Like all regular insulins, Humulin R helps to prevent your blood sugar level from rising excessively after meals. The activity of Humulin R typically peaks two to four hours after you inject the medication. To synchronize the peak activity of Humulin R with the blood sugar peak associated with eating, you inject this form of insulin approximately 20 to 30 minutes before meals. Humulin N contains insulin in a chemical suspension that slows and prolongs its release. The peak activity of Humulin N typically occurs approximately eight hours after your injection. The duration of activity is approximately 12 to 16 hours. The activity profile of Humulin N makes it useful for maintaining a relatively constant level of insulin in your bloodstream if administered twice daily. This helps keep your blood sugar level steady between meals. Humulin 70/30 is a premixed formulation containing 70 percent Humulin N and 30 percent Humulin R. The premixed drug is convenient if your doctor prescribes both regular and NPH insulin. Two activity peaks occur with this combination medication; one approximately two hours after injection from the regular insulin and a second lower peak approximately 10 hours after injection from the NPH insulin. Variability in Peak Activity The reported peak activity times for various types of Humulin are averages; your experience may be different. After using Humulin for several weeks, you and your doctor may discover from your home glucose monitoring that you are experiencing peak activity earlier or later than the reported average. If this occurs, the timing of your injections may need to be adjusted. Do not change the dose or timing of your insulin injections unless you talk with your doctor. The peak activity of your insulin dose may also change from one day t Continue reading >>

Metoprolol, Humulin N, Metformin, Med Test Feb/15/ 2017, Humulin R, Lantus

Metoprolol, Humulin N, Metformin, Med Test Feb/15/ 2017, Humulin R, Lantus

Selective inhibitor of Beta-1 adrenergic receptors located on Completely blocks Beta-1 receptors, with little or no effect on Beta-2 receptors at doses less than 100 mg. Reduces heart rate (negative chronotropic effect), cardiac output at rest and during exercise, and lowers BP can cause ischemic heart disease if stopped abruptly take apical pulse and BP before administering Bronchospasm, bradycardia, palpitations, edema, CHF, reduced peripheral circulation, drowsiness, insomnia Uses/purpose: (why is the client taking this Humulin N?) 1. To control hyperglycemia in the diabetic patient YOU ARE TAKING NPH INSULIN FOR YOUR DIABETES Therapeutic affect: (what will Humulin N do for this client?) THE INSULIN WILL HELP LOWER YOUR HIGH BLOOD SUGAR Common side effects/adverse effects of Humulin N 1. hypoglycemia (shakiness, tachycardia, irritability, restlessness, excessive hunger, diaphoresis, dizziness, light-headedness, confusion, weakness, & difficult speaking) 2. Some side effects to look for are: blood sugar that is too low (hypoglycemia), shakiness, irritability, restlessness, excessive hunger, excessive sweating, dizziness, light-headedness, confusion, generalized weakness and difficultly speaking. 1. if you experience any signs of hypoglycemia (shakiness, irritability, restlessness, excessive hunger, excessive sweating, dizziness, light-headedness, confusion) please report to the nurse. 2. Eat within 1-2 hours of receiving your NPH insulin injection 3. Carry a glucagon kit, candy or lump of sugar at all times; this helps if hypoglycemia occurs while you are away from home 4. Also, keep insulin and equipment with you at all times, to help maintain blood sugar level Glucophage, Glucophage XR, Fortamet, Glumetza headache, dizziness, agitation, fatigue, sweating, flushed, Continue reading >>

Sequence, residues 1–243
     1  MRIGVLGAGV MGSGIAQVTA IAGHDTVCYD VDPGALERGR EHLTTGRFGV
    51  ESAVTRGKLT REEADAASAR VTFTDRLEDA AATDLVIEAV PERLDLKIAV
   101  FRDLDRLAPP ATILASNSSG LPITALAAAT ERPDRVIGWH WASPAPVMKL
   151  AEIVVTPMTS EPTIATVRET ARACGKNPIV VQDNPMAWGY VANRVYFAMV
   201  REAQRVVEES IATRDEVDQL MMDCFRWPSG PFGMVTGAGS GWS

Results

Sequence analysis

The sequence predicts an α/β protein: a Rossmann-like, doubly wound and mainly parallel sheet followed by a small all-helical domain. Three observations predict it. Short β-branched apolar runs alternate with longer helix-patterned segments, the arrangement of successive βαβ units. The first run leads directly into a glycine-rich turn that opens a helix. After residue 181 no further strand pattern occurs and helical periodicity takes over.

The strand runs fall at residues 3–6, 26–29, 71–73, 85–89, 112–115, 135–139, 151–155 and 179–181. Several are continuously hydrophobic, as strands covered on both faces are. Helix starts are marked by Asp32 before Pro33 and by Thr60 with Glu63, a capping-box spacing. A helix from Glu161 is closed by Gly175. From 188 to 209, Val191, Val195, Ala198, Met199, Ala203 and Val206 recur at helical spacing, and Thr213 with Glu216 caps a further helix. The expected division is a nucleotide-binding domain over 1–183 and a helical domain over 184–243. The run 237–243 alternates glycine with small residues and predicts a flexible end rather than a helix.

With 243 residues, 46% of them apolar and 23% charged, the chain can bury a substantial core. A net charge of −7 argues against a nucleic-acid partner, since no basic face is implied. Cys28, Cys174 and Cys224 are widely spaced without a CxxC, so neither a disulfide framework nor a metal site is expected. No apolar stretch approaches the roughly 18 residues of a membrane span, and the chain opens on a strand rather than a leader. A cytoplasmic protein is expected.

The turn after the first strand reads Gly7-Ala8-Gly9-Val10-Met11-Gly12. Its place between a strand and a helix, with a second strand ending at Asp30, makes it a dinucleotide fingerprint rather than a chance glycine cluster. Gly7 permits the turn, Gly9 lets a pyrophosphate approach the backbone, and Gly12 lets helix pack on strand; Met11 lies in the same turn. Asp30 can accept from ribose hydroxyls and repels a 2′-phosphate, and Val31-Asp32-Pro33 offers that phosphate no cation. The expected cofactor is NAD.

How To Mix Insulin Clear To Cloudy

How To Mix Insulin Clear To Cloudy

Learn how to mix insulin clear to cloudy. Drawing up and mixing insulin is a skill that nurses will utilize on the job. Insulin is administered to patients who have diabetes. These type of patients depend on insulin so their body can use glucose. Therefore, nurses must be familiar with how to mix insulin. The goal of this article is to teach you how to mix insulin. Below are a video demonstration and step-by-step instructions on how to do this. How to Mix Insulin Purpose of mixing insulin: To prevent having to give the patient two separate injections (hence better for the patient). Most commonly ordered insulin that are mixed: NPH (intermediate-acting) and Regular insulin (short-acting). Important Points to Keep in Mind: Never mix Insulin Glargine “Lantus” with any other type of insulin. Administer the dose within 5 to 10 minutes after drawing up because the regular insulin binds to the NPH and this decreases its action. Check the patient’s blood sugar and for signs and symptoms of hypoglycemia to ensure they aren’t hypoglycemic …if patient is hypoglycemic hold the dose and notify md for further orders. Key Concept for Mixing Insulin: Draw up CLEAR TO CLOUDY Remember the mnemonic: RN (Regular to Nph) Why? It prevents contaminating the vial of clear insulin with the cloudy insulin because if contaminated it can affect the action of the insulin. Why does this matter because they will be mixed in the syringe? You have 5 to 10 minutes to give the insulin mixed in the syringe before the action of the insulins are affected Demonstration on Drawing Up Clear to Cloudy Insulin Steps on How to Mix Insulin 1. Check the doctor’s order and that you have the correct medication: Doctor’s order says: “10 units of Humulin R and 12 units of Humulin N subcutaneous before b Continue reading >>